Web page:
Transcript for Concussion Cap on NFL Injuries Tossed Out
We begin with professional football on the toll it takes on athletes. We're talking about concussions. Today a victory for the players over the NFL. It's about money and responsibility. And ABC's Jim Avila starts us off. Reporter: Football heroes crushed by the violence of the sport they love. Household names like Brett Favre, junior sea, Jim Mcmahon and today, an even younger victim of head trauma -- 32-year-old former super bowl tight end Ben Utecht. All learning today that the NFL is legally promising unlimited care for any retired player suffering from brain disease. There are players that are in need and the NFL is stepping up to the table. Reporter: Today's concussion settlement replaces the earlier agreement between former players and the NFL. So now, the $765 million cap is now the league has agreed to lift that cap. Which could drive the potential coast to more than a billion dollars, despite no public admission of responsibility by the league. Nobody makes a gift of hundreds of millions of dollars, unless they believe they are implicated in the wrongdoing in some respect. Reporter: The damage done by repeated brain injury dramatically illustrated on capitol hill today in a video made by Utecht, the former colt and bengal pass receiver. Everything kind of came to a screeching stop. Reporter: A father of three who testified his memory loss and fears of isolation caused by dementia began after suffering five concussions over a short five-year NFL career. Hearing my 5-year-old daughter telling our family practice doctor that at times she's afraid of me, as a father, it puts the idea of traumatic brain injury on a completely different level. Reporter: Tonight, Ben and an estimated 18,000 NFL retirees and their families can expect to receive a seven-figure check within a year.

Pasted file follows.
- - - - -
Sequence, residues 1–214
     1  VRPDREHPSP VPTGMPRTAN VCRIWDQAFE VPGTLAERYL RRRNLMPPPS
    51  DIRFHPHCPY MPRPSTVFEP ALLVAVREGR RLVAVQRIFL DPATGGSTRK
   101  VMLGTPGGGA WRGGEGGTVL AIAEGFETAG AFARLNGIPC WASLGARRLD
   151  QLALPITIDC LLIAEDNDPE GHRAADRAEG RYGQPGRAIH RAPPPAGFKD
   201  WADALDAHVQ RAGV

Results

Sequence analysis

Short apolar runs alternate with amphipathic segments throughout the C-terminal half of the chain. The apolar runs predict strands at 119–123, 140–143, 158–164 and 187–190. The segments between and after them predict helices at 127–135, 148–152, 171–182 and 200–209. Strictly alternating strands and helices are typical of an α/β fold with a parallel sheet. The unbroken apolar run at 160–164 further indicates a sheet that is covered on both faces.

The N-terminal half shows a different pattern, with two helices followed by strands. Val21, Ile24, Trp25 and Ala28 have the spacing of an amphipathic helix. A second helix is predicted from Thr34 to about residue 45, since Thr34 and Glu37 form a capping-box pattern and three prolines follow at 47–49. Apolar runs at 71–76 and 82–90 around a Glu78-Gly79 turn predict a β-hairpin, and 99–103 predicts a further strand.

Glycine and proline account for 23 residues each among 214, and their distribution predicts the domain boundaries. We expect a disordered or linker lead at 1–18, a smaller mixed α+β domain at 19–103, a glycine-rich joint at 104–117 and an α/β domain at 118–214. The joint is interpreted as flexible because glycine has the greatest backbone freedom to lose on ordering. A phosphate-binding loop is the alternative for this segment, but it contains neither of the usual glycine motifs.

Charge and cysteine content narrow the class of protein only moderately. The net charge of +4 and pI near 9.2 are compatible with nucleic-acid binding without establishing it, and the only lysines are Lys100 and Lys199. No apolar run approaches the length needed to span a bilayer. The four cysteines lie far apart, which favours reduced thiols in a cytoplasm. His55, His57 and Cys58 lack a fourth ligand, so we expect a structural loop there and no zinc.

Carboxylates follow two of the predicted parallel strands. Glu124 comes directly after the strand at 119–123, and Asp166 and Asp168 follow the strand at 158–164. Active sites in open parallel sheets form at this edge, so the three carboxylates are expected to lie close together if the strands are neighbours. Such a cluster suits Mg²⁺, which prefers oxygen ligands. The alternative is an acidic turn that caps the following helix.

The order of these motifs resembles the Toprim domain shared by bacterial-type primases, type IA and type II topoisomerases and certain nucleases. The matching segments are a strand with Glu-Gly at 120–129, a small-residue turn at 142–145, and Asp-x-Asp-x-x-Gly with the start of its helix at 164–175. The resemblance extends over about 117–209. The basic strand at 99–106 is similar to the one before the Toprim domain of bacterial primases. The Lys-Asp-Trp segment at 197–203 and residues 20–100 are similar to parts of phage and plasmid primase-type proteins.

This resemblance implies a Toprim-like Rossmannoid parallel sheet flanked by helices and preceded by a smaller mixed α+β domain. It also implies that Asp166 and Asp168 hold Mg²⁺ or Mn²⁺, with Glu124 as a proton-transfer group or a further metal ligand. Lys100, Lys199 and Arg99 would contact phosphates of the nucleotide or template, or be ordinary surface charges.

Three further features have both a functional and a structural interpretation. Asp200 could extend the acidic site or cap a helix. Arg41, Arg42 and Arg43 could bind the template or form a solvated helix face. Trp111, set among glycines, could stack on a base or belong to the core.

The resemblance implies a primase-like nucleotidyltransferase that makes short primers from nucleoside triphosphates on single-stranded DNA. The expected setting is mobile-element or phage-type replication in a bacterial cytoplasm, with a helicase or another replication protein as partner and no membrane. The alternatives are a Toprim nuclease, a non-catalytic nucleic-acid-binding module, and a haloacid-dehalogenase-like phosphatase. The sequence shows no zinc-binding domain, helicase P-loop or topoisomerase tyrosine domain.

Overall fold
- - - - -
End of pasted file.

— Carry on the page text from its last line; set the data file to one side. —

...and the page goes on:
This transcript has been automatically generated and may not be 100% accurate.